Lead can harm children's health, learning, and behavior, with young children being at the highest risk. It became illegal to use leaded paint after 1960, but many older buildings still have layers of lead paint on their walls. You can get lead poisoning by breathing in lead dust or by eating herbal remedies or other products that have lead in them. Young children may put bits of peeling paint in their mouths.
Lead can harm adults as well as children--pregnant women are at particular risk. Lead exposure can cause:
- Learning and behavior problems in a child.
- High blood pressure in a pregnant woman
- Babies born too soon or too small
Test Yourself or Your Children for Lead
If you think you may have been exposed to lead, ask your doctor about a blood lead test. A blood lead test is the only way to find out if you have lead poisoning and get treatment. Call 311 for help finding a doctor or clinic.
Protect Yourself and Your Children
- Use cold tap water for making baby formula or baby cereal, and for drinking or cooking. Lead can get into water through old plumbing.
- Report peeling or damaged paint to your landlord. Your landlord must safely fix peeling paint—it's the law! If this does not happen, call 311 for help.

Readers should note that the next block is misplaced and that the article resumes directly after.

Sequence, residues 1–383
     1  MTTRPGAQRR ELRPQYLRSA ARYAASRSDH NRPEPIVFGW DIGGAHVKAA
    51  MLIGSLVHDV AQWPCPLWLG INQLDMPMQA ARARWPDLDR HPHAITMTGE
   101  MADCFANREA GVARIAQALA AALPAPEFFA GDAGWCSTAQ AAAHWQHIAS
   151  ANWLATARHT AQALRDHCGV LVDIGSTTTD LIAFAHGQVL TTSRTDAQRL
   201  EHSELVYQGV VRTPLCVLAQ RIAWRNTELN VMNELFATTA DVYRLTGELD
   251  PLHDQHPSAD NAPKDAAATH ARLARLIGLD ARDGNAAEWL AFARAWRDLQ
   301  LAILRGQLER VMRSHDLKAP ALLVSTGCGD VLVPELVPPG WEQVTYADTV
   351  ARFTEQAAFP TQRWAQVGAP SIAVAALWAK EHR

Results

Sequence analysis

- Keep children away from peeling paint and home repairs.
- Wash floors and windowsills often. Wash children's hands and toys too.
- Remove shoes before entering your home.
- Wash work clothes separately from the family laundry if someone in your household works with lead.
Lead in Imported Toys and Other Products for Children
Lead has been found in the paint, metal and plastic parts of jewelry, toys, vinyl lunch boxes, and other imported products for children. For updates on recalled products and more information about recalls or specific products visit the U.S. Consumer Product Safety Commission.
See the Health Department's Toy Safety Fact Sheet (PDF)
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Last Updated: April 24, 2012